Better Safe Than Sorry With Bears

Hunting can be an ugly business if it is not executed in a thorough and careful manner. Of all animals to never take short cuts on, bears sometimes require special efforts to finish the job both ethically and cleanly.  Unlike ungulates, bears need to be put down quickly to prevent escape and injury to tracking or trailing hunters. Here are five reasons to shoot to your bear to the end.

Small Vitals.  Compared to most big game animals, bears have very small vital areas. These smaller targets require more precise shot placements, so knowing your weapon and planning your shot are crucial to putting a bear down as fast as possible.

Muscle and Bone Mass.  As previously mentioned, a bear’s vital organs take up less room than most animals; however, they are also protected better than most animals by heavier and denser bone and muscle structure.  These anatomical features demand heavy bullets and continuous shooting until the end. You are not doing a bear a favor by shooting it once and watching it die. You need to be proactive and continue until the end.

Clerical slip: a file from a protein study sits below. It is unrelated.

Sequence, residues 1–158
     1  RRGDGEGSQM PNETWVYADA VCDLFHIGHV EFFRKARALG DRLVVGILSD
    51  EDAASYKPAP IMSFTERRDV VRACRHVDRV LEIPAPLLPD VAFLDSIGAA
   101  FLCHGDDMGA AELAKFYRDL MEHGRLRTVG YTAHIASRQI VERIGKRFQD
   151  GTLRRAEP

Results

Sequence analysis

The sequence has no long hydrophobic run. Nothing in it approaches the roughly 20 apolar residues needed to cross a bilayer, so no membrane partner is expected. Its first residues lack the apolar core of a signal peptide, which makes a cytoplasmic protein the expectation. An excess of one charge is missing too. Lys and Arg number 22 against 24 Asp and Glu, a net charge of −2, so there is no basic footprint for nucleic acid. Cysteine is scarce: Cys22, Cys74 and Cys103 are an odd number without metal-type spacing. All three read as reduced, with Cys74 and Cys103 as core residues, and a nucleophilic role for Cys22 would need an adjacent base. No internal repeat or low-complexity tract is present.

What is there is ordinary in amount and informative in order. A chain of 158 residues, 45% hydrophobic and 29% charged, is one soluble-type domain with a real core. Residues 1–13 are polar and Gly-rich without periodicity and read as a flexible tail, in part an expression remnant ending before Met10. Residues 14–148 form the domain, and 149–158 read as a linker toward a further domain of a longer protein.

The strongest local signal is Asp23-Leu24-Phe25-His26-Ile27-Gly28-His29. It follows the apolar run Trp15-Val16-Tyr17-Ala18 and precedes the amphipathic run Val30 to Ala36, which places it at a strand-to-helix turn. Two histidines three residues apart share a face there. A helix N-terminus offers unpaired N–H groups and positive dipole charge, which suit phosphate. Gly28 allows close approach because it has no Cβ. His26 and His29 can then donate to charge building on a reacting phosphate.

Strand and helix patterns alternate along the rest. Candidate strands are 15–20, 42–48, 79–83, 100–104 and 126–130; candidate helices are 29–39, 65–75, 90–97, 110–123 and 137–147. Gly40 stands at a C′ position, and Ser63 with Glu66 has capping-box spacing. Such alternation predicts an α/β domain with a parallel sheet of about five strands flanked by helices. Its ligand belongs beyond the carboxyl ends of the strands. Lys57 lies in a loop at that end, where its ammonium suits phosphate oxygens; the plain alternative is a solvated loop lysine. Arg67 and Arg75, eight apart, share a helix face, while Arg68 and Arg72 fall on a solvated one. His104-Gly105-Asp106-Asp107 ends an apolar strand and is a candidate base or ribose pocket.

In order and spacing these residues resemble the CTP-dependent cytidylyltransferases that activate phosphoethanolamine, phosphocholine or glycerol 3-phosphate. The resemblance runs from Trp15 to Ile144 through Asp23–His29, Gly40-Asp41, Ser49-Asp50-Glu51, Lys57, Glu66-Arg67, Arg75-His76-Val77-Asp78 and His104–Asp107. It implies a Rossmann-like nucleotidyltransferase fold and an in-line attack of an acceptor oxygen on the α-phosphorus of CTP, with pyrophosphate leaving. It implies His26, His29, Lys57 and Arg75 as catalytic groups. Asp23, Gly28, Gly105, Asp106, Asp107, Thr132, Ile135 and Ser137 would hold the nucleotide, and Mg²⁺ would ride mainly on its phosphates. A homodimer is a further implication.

Lack of Blood Trail.  With heavy muscle tissue and heavy coats of hair, bears are notorious for not leaving adequate blood trails when fatally hit. Many bears have been lost to hunters that were derelict in their trailing and tracking duties.  Never mistake a sparse trail of blood for the lack of a lethal hit. Blood does not easily escape a bear’s body, so plan your effort accordingly.

Small Profile.  Bears are relatively short animals on all fours and they can easily hide in tall grass or short brush.  Not only can they hide in such areas, but when injured or threatened, they seek out these thick areas to hide in plain sight. Their short stature is just one more reason to keep shooting a bear while it is in view.

Danger.  Bears are super strong for their size. Even when hit fatally, they can claw their way great distances to hide or lay in wait.  No hunter needs a live bear hiding from them as it can only lead to bad things. You should dispatch a bear in the open to avoid possible danger. Ungulates like to lie in somewhat open spots so they can see any possible approaching danger, but bears like to hide in thick cover while using their ears and sense of smell to identify approaching threats. This means they are not only more dangerous, but they are also harder to find once dead.